YOUNG PEOPLE are often disproportionately affected by laws and policies regarding the use of alcohol and other drugs, yet are often excluded from conversations around their development. Effective drug policy should reflect the reality that most young people, at some point, will be exposed to alcohol and other drug use issues either personally, within their families, or amongst their peers.

Evidence shows that minimising the harms associated with alcohol and other drugs is most effective when people can talk openly and honestly about their ideas and experiences and take ownership of safety strategies. While most existing drug education programs in Australia consider the consequences of drug use from a health perspective, there is a need for further initiatives which encourage and empower young people to contribute to drug policy conversations within their communities.



  • Australia21 should initiate a series of roundtable discussions among key stakeholder groups, including especially young people.

  • Australian Governments should consider drug law reforms that have within their goals improving the protection of human rights of all Australian citizens (including especially young people).

  • The content and manner of education to prevent drug use should be consistent with best research and evidence.

  • A proportion of resources currently committed to detection, prosecution and incarceration of drug users should be redirected to systematic, objective and effective efforts to improve knowledge and understanding about drug use and problems in the community.



Australia21 and YoungA21 have partnered with the Australian Lions Drug Awareness Foundation (ALDAF) to engage young Australians in informed conversations about protecting themselves, their friends and their communities.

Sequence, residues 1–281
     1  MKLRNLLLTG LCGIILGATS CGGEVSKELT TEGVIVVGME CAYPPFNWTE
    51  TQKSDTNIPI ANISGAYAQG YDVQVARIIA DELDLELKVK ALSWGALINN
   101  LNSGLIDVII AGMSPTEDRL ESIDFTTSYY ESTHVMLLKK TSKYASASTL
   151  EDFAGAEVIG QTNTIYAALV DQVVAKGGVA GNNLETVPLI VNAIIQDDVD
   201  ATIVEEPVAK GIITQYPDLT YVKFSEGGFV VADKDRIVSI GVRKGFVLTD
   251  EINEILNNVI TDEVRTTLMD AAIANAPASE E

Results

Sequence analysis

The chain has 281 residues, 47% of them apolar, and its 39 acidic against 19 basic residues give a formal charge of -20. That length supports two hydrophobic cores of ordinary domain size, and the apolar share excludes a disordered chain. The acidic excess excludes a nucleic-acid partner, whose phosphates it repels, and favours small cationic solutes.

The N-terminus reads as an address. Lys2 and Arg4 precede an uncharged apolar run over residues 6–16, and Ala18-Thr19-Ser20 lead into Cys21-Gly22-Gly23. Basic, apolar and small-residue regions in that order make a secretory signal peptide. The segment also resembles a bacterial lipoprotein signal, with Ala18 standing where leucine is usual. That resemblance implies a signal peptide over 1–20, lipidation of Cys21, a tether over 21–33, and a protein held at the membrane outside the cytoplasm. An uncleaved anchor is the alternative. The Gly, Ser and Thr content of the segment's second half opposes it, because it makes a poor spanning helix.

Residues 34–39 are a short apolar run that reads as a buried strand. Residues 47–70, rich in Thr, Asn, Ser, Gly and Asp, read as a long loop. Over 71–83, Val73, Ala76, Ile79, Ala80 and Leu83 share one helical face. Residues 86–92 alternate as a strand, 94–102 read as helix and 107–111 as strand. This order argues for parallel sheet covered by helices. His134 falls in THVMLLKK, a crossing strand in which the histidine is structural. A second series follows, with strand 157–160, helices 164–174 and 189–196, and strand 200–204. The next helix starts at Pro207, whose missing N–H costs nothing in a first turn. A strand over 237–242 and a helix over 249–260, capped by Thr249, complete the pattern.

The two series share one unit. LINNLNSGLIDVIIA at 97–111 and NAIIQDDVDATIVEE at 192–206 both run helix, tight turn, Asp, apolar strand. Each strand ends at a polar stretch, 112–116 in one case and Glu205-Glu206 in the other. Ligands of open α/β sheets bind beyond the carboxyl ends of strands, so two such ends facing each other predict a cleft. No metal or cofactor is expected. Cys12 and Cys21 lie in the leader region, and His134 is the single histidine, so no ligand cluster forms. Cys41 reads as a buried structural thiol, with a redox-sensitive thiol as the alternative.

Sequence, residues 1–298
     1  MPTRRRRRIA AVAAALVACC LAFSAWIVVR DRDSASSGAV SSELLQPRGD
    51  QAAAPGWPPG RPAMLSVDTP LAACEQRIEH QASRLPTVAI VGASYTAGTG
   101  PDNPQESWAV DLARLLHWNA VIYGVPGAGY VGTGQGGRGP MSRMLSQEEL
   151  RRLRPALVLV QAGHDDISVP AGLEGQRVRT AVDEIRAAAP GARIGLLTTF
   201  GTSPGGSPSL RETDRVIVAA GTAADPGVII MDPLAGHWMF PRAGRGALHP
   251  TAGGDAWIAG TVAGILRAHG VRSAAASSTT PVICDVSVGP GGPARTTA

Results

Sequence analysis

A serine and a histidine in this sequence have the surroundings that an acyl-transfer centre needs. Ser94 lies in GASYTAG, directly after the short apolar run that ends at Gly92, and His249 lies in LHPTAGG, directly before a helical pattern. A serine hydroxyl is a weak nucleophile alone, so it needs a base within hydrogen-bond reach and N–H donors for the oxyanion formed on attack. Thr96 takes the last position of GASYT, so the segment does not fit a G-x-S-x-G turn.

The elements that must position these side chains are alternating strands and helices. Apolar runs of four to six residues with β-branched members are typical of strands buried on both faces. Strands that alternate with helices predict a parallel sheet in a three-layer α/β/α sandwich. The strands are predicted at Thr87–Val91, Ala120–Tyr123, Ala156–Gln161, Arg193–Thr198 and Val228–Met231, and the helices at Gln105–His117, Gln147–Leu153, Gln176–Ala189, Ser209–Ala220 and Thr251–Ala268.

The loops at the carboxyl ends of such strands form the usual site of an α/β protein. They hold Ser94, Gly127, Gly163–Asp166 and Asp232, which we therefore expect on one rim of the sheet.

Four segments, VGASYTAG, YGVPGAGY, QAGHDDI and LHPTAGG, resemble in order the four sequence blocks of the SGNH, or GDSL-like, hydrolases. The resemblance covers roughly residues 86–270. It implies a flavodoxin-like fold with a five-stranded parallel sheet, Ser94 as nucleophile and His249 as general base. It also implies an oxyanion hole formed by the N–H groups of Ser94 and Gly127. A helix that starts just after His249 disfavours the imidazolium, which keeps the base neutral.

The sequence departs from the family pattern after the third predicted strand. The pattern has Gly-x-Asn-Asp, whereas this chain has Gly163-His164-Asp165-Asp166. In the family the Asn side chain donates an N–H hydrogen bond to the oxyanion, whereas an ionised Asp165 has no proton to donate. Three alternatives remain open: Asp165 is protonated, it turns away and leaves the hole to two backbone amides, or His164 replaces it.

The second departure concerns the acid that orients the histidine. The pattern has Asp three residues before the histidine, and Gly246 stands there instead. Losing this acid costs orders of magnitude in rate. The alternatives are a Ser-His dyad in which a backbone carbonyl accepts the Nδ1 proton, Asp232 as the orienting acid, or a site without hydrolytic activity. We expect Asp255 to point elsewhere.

The Smarter About Drugs project takes the unique approach of encouraging young people to critically examine the effectiveness of Australian and international drug policies. It also gives young people the opportunity to suggest ways in which current strategies could be improved, allowing them a voice in public debate on the issue.

Australia21 and ALDAF have recently launched a resource designed to help educators facilitate critical and informed discussions among students about drug and alcohol issues, including national and international drug policy. Smarter about Drugs: A Conversation Pack was launched in 2017 at Star of the Sea College in Melbourne, Victoria. Australia21 and ALDAF are now in the process of identifying schools around Australia interested in using and championing the resource within their communities.

In 2018, students from around Australia will be invited to participate in an online Q&A forum that will connect young people with AOD policy experts from across Australia. The aim of the forum will be to build upon the knowledge students have developed in the classroom, and provide them with an opportunity to contribute to drug policy on a national level.


The Smarter about Drugs project began in 2014 with a youth workshop and panel discussion hosted by Australia21, the Ted Noffs Foundation and the Bob Hawke Prime Ministerial Centre at the University of South Australia. An evening panel discussion for interested parents, teachers and community members followed the workshop. A video of this event can be accessed here: https://www.youtube.com/watch?v=UDvuuLpYLZw.

As a result of this successful workshop, Australia21 partnered with the Australian Lions Drug Awareness Foundation (ALDAF) to produce a resource titled Smarter about Drugs: A Conversation Pack. The development of the resource was led by young people involved in Australia21’s youth advisory group, YoungA21. The resource is designed to help educators facilitate critical and informed discussions among students about drug and alcohol issues in their community. It aims to create awareness and encourage critical thinking among young Australians about drug and alcohol issues, and empower young people to be engaged in the development of drug and alcohol policies at the broader community level.

The Australian Council for Health, Physical Education and Recreation (ACHPER) in South Australia assisted with mapping the conversation pack to the Australian curriculum, and their feedback, along with feedback from Australian teachers and academics, informed the development of the resource.

In 2017, the resource was successfully trialed and launched at Star of the Sea College in Melbourne, Victoria, where it was integrated into the Year 11 Global Politics curriculum.


Smarter about Drugs: A Conversation Pack for Schools